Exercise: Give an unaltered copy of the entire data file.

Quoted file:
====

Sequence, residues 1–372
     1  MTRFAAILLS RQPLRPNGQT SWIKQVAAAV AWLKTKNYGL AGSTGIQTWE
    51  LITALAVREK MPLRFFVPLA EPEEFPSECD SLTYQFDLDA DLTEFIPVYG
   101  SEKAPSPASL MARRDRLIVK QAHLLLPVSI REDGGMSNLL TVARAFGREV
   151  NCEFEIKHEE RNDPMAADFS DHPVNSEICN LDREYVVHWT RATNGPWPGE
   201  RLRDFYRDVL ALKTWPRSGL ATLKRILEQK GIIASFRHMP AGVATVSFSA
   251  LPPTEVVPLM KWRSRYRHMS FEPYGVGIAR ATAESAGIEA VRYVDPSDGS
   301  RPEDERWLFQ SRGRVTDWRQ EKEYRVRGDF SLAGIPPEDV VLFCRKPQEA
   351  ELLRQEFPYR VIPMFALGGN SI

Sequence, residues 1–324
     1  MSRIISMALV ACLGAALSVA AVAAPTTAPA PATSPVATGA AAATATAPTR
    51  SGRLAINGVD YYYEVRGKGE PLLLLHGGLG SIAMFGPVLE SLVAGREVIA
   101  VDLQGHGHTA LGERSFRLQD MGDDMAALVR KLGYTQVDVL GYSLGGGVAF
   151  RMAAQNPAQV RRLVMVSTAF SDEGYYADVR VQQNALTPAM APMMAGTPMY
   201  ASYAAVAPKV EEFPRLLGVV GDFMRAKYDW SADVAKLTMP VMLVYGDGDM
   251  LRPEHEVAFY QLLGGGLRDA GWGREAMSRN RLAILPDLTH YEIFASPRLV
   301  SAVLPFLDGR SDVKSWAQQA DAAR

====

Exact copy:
Sequence, residues 1–372
     1  MTRFAAILLS RQPLRPNGQT SWIKQVAAAV AWLKTKNYGL AGSTGIQTWE
    51  LITALAVREK MPLRFFVPLA EPEEFPSECD SLTYQFDLDA DLTEFIPVYG
   101  SEKAPSPASL MARRDRLIVK QAHLLLPVSI REDGGMSNLL TVARAFGREV
   151  NCEFEIKHEE RNDPMAADFS DHPVNSEICN LDREYVVHWT RATNGPWPGE
   201  RLRDFYRDVL ALKTWPRSGL ATLKRILEQK GIIASFRHMP AGVATVSFSA
   251  LPPTEVVPLM KWRSRYRHMS FEPYGVGIAR ATAESAGIEA VRYVDPSDGS
   301  RPEDERWLFQ SRGRVTDWRQ EKEYRVRGDF SLAGIPPEDV VLFCRKPQEA
   351  ELLRQEFPYR VIPMFALGGN SI

Sequence, residues 1–324
     1  MSRIISMALV ACLGAALSVA AVAAPTTAPA PATSPVATGA AAATATAPTR
    51  SGRLAINGVD YYYEVRGKGE PLLLLHGGLG SIAMFGPVLE SLVAGREVIA
   101  VDLQGHGHTA LGERSFRLQD MGDDMAALVR KLGYTQVDVL GYSLGGGVAF
   151  RMAAQNPAQV RRLVMVSTAF SDEGYYADVR VQQNALTPAM APMMAGTPMY
   201  ASYAAVAPKV EEFPRLLGVV GDFMRAKYDW SADVAKLTMP VMLVYGDGDM
   251  LRPEHEVAFY QLLGGGLRDA GWGREAMSRN RLAILPDLTH YEIFASPRLV
   301  SAVLPFLDGR SDVKSWAQQA DAAR